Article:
Review: Mended

Mended

Chapbook by Kathleen McGookey

Kattywompus Press

In the title poem, the narrator says, “today my life seems mended,” but this collection suggests otherwise. This chapbook of prose poems belies an uneasy truce with death, disease, and dying. The word “ache” recurs throughout. The poems are unsettled by unanswerable questions, such as in “Grief III,” where the poet asks of Grief “wherever my mother and father have gone, do you leave them alone there?” The collection varies from works that read like flash memoir to more surreal works that use the odd juxtapositions of dream logic. For example, the poem “Dear Death” asserts “I have had enough of you. I’d rather learn facts about penguins….”

The subjects of the poems are often aging and dying parents and the vulnerability of an infant daughter. Also, the poet’s dislike of possums: “After I hear the possum eating garbage in the garage, I plan to kill it. It’s no comfort knowing the killing gets easier each time.” Many of the poems are direct and accessible, and many of the others take more work to read, circling the subject. As a whole the poems take on fragility from many different directions. In the best moments, McGookey melds the surreal and the direct, in poems like “Another Ache,” which ends as such:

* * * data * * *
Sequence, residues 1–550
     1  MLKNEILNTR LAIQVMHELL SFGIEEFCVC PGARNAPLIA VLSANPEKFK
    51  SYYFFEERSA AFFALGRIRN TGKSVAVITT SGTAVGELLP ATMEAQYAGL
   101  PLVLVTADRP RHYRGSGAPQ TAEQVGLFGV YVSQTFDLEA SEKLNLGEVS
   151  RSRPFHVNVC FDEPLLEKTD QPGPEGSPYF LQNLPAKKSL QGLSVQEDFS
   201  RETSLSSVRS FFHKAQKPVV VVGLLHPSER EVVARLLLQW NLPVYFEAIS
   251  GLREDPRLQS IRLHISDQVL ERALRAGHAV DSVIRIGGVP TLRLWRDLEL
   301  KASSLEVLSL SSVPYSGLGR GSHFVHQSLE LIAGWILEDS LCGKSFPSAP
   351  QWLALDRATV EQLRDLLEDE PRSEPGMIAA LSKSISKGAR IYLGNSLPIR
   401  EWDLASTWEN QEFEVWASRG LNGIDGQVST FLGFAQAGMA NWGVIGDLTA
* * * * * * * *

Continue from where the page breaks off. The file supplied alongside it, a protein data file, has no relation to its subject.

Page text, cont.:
Then the suitcase fell off and the tire exploded. Then the driver got out to look at the lake, it’s calm expanse. Everyone felt worse because nothing had been predicted, no sign of trouble on such a sunny day, while road salt glittered its million cheap promises, and strands of videotape flashed down, then bright, in that clean light.

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Review: Before the Snow Moon

Review: Before the Snow Moon

A chapbook by Alison Swan

Alice Greene & Company

Throughout Before the Snow Moon there are neither page numbers nor punctuation. Alison chooses instead the natural pause of a line break or syllabic accent to pace readers. Subtle, but apt, as is her subject and voice. The opening lines of her poem: “In Medias Res” immediately call to mind similar lines from William Stafford’s famous poem, “Traveling Through the Dark.” However, where Stafford contemplates the impact and value of human life vs non-human life. Swan’s perspective reads much less anthropocentrically. She is not apart from nature, she is of it. Her communion is her default mode, and to join society is only a pause. In the closing lines of the title poem, the speaker, having been awakened mid-slumber, has gone to the window in search of an owl: “Cold air carried hoots and soughs across the sill / I climbed back under to listen to everything”. These are poems from a grateful, humble, careful poet, one who marvels at the depth of
the world and feels greater responsibility than power.

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